And incidentally, I note that my question of whether WP:NC should be applied to other London landmarks has been consistently ignored. If WP:NC should be applied to Crystal Palace transmitting station then it should surely be also applied to 30 St Mary Axe, Tower 42 and Clock Tower, Palace of Westminster. Please address this issue. Chillysnow (talk) 13:41, 16 October 2008 (UTC)
Your interpretaion of the Naming Convention is not the common one and you would have to explain away the very first section Wikipedia:NC#Use_the_most_easily_recognized_name which includes the statement "The names of Wikipedia articles should be optimized for readers over editors, and for a general audience over specialists" But I said above "This is not the place to argue the failings or otherwise of Wikipedia Policies, that should be done on the talk pages of the Policies", this is also not the place to discuss the naming of Big Ben or any other page not directly related to this discussion. Such page names should be discussed on the relevant talk page ( eg. Talk:Clock_Tower, Palace of Westminster#Requested move). Just because some pages are in you opinion in violation of Wikipedia policies is not a president or justification for ignoring the policies. So please can we restrict this conversation to an examination of the common name as used in reliable sources for these transmitter sites. --PBS (talk) 17:46, 16 October 2008 (UTC)
You have yet to show any policy statement that indicates that a correct name should be replaced by an incorrect name, widely used or otherwise. Implicit in WP:NC is both names under consideration should be factually accurate in describing the subject matter. The use of the word "transmitter" for a transmitting station is clearly not. Further, no "reader" or "general audience" is going to be left in any doubt whatsoever as to exactly what the article is about, so there is nothing to "explain away". Lastly, Harumphy and I have now come up with a significant number of WP:SOURCES to indicate the wide use of "transmitting stations" so I trust this will be the end of the matter. Chillysnow (talk) 22:00, 16 October 2008 (UTC)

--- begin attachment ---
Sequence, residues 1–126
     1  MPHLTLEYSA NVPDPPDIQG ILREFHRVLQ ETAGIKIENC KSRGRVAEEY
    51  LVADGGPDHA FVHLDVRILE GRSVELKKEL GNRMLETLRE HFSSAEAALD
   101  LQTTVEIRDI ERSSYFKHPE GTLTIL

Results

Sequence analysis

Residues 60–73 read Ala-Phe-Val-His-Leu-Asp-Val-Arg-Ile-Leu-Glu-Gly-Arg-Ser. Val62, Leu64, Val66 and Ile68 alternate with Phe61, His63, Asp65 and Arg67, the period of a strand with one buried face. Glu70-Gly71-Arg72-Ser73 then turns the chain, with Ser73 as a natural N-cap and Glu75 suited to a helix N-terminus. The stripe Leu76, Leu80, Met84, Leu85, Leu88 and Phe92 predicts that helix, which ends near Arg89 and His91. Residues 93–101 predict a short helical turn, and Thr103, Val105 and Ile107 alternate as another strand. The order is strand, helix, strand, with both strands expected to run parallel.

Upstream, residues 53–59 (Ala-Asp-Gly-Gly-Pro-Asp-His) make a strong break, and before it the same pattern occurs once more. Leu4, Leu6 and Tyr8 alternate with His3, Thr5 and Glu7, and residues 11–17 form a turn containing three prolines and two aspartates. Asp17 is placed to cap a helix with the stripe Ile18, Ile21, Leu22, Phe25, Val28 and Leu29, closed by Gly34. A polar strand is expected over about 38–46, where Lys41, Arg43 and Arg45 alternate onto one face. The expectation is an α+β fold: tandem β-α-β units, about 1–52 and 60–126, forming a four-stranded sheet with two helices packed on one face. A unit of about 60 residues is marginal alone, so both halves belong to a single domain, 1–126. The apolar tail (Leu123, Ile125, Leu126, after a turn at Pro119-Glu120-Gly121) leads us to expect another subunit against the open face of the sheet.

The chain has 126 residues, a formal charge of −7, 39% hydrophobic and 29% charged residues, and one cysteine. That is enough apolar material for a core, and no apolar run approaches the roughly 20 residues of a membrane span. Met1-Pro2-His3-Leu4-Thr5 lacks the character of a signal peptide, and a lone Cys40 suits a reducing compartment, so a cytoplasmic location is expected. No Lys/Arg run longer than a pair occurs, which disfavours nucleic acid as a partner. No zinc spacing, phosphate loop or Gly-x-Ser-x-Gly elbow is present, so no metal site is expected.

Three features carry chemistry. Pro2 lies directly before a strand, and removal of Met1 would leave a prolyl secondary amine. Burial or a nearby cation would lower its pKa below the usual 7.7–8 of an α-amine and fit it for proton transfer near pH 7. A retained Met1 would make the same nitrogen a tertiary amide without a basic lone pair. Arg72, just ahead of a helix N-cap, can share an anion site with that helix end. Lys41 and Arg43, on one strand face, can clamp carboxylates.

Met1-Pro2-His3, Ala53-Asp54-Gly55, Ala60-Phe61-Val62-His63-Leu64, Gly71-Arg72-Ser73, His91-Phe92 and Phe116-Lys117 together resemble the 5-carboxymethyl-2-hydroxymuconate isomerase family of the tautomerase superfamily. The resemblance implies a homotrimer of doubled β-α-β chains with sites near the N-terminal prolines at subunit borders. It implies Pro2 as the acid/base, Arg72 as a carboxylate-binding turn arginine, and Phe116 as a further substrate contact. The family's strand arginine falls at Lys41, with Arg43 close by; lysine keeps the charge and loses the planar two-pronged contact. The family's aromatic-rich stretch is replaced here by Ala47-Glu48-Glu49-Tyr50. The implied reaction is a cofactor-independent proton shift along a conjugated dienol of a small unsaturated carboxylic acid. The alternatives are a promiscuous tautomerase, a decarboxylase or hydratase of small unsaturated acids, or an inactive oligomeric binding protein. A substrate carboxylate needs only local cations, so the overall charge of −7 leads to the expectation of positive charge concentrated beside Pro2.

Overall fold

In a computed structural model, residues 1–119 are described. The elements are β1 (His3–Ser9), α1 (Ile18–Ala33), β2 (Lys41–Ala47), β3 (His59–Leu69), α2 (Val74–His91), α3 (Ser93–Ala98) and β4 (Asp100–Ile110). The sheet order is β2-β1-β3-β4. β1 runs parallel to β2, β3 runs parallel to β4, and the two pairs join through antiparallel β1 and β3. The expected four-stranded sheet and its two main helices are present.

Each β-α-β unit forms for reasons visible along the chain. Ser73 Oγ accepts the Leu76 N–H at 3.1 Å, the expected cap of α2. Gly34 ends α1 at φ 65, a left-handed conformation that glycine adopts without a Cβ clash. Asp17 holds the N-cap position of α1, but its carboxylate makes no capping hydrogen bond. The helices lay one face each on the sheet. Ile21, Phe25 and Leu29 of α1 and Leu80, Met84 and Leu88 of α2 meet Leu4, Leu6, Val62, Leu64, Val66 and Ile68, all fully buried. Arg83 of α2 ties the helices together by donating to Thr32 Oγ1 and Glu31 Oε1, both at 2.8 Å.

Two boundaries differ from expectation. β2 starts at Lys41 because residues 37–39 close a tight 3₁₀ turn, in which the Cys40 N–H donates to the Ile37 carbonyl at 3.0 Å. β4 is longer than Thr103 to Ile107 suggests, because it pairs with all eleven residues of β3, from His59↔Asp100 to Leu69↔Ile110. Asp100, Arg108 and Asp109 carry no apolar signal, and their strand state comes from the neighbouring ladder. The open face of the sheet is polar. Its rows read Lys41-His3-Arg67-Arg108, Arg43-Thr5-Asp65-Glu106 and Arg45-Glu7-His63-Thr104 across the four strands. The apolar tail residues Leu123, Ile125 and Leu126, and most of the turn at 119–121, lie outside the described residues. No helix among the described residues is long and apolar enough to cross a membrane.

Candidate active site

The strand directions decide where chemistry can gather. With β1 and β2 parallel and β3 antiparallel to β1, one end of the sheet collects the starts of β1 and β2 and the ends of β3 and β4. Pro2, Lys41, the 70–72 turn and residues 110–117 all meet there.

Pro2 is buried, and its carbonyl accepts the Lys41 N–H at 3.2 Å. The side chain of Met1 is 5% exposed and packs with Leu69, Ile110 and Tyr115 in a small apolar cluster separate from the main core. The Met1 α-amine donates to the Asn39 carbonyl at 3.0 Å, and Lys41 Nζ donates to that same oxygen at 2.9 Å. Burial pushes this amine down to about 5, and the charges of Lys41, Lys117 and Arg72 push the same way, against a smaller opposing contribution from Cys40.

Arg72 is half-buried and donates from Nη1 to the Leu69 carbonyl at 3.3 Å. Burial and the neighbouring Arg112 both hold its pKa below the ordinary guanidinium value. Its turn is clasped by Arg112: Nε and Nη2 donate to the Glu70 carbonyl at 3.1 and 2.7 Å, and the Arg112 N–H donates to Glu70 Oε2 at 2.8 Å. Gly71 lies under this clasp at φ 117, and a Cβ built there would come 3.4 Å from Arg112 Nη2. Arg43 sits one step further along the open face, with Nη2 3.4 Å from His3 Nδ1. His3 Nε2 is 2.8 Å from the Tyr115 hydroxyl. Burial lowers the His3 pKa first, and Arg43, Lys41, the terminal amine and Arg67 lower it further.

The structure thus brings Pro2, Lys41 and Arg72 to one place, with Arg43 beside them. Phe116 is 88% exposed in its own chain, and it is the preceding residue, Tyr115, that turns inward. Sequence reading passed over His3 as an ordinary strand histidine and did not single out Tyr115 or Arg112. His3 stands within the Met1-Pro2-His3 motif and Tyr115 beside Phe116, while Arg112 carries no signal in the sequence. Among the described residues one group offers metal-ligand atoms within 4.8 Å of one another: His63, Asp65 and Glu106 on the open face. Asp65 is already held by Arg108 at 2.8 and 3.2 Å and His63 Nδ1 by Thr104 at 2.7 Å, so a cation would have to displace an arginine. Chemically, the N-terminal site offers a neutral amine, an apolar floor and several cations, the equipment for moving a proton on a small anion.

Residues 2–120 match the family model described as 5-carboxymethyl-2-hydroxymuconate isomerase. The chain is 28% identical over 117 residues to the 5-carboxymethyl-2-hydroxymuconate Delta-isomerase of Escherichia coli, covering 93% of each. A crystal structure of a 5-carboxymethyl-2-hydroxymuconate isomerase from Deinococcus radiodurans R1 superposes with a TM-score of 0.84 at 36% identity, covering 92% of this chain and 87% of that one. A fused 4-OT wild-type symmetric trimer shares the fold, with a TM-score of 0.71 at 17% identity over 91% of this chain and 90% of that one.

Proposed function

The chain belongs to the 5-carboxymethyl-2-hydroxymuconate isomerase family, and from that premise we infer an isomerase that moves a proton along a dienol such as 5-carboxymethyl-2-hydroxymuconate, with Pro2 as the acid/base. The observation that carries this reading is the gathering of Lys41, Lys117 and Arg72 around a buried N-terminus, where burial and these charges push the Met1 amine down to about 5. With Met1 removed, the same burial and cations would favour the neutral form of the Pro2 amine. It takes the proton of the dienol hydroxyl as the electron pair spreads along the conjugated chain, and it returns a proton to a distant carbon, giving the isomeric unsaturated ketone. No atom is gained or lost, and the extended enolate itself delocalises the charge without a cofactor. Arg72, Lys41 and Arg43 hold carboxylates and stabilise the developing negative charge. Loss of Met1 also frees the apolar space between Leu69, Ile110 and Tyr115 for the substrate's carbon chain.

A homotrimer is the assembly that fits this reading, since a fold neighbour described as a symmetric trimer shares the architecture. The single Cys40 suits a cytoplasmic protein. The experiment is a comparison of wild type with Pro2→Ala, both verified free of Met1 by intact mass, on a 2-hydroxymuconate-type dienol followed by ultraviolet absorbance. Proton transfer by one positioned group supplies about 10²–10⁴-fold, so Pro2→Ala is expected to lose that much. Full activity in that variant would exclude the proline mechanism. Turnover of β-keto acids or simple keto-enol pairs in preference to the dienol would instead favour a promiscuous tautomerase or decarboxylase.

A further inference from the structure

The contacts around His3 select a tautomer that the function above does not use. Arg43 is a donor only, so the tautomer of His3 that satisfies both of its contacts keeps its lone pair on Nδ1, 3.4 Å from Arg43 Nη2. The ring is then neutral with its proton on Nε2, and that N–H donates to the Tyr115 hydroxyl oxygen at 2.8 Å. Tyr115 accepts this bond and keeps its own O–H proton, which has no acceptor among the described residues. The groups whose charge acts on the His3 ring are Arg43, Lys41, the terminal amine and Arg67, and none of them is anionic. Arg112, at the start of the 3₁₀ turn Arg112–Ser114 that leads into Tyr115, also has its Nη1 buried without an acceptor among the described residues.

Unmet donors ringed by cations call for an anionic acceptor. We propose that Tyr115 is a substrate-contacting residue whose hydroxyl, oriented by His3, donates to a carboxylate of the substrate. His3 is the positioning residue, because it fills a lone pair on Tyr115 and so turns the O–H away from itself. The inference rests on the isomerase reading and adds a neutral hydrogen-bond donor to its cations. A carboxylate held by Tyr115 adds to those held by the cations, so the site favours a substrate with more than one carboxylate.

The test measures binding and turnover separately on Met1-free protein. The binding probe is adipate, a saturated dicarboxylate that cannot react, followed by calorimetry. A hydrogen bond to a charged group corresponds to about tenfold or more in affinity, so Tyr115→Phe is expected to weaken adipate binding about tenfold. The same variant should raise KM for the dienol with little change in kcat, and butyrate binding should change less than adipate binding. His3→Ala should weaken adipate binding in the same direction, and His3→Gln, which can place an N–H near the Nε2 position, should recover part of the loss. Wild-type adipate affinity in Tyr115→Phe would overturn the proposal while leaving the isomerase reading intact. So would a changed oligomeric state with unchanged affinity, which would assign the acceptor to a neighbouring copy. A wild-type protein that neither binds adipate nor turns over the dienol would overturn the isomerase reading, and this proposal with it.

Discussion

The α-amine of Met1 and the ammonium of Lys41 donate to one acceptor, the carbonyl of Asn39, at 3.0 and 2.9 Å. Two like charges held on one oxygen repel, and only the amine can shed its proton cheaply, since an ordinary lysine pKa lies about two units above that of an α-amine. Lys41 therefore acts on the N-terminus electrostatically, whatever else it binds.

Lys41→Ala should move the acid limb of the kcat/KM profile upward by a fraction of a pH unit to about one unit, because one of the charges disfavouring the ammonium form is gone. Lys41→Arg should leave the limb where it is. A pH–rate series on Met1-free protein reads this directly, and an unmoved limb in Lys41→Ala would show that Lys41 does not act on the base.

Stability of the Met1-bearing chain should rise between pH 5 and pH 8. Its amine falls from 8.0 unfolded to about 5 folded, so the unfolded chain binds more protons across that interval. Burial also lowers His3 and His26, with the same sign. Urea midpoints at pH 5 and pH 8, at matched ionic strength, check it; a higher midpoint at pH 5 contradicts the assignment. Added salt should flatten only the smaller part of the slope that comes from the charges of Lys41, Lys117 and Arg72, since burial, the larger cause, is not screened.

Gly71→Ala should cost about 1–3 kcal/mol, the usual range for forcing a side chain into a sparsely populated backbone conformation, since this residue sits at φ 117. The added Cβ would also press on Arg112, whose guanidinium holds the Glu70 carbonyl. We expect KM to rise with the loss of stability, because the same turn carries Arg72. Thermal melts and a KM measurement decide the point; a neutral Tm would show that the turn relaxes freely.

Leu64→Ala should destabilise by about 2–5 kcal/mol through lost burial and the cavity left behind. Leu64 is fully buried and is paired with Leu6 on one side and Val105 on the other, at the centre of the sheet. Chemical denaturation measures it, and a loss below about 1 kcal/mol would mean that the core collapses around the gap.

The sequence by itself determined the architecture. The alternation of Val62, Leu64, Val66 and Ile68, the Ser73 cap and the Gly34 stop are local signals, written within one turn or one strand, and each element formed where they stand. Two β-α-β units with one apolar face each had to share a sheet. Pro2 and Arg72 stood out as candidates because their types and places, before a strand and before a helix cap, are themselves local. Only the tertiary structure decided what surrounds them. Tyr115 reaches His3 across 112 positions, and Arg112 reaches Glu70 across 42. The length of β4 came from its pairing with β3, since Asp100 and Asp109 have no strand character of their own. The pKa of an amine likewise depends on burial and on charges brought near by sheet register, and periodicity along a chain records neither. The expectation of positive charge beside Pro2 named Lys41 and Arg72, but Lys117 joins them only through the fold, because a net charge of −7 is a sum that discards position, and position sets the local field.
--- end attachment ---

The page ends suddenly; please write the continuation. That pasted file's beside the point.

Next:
Nowhere in the Naming Conventions policy page will you find justification for naming an item because it is "correct". The naming if items should usually follow general usage, although in several areas like monarchs and ships there are further guidelines to follow specific naming constructions. You will however find justification for naming things under their common name (whether it is "correct" or not). If reliable sources use a phrase to describe a thing or a person then the description is not incorrect, and I think that it would be arrogant of a Wikipedia editor to state that a common name used in reliable sources is incorrect. The usual response to such a statement is to explain that to justify a statement one has to use reliable sources (see WP:BURDEN part of WP:V another Wikipedia policy), and if most reliable sources are using the description that is "not correct" ...
Congratulations on finding lots of sources to back up the name that you want to use, that is all that you have to do to support the name that you wish to see used, that is what the Naming Conventions insist on. Please note that nowhere in my discussion on this page have I argued in favour of any particular name. My concern is the justification some have used for naming an article outside the Wikipeida policies. If the sources User:Harumphy and you have found turn out to be a minority of all reliable sources, then the name should go with the alternative common name. If there is not common name (for example there is no clear name mentioned in reliable sources more often than the other alternatives) then the name used should be that over which a local consensus forms. But what is outside Wikipedia policy (the Naming Conventions are policy) is to pick a name that is "correct" and argue that because it is "correct" and there is a local consensus to use it, that is what should be used. That is the whole point of the phrase in WP:CONSENSUS "Consensus among a limited group of editors, at one place and time, cannot override community consensus on a wider scale." because Wikipedia policies reflect the consensus on a wider scale. --PBS (talk) 08:51, 17 October 2008 (UTC)

(undent) I am in favour at this point in following Philip's suggestion and taking this matter to Wikipedia:Requested moves for a neutral admin to consider the issue. In my experience admins at RP tend to be conservative and will plump for the status quo if there is some dispute, so that would favour Crystal Palace transmitter site Crystal Palace transmitter station Crystal Palace transmitting station remaining as it is. I am quite happy with that situation if that is what happens, and I think Philip would accept that. At least then we can feel that we have raised the issue in the appropriate places and done our best. SilkTork *YES! 17:54, 18 October 2008 (UTC)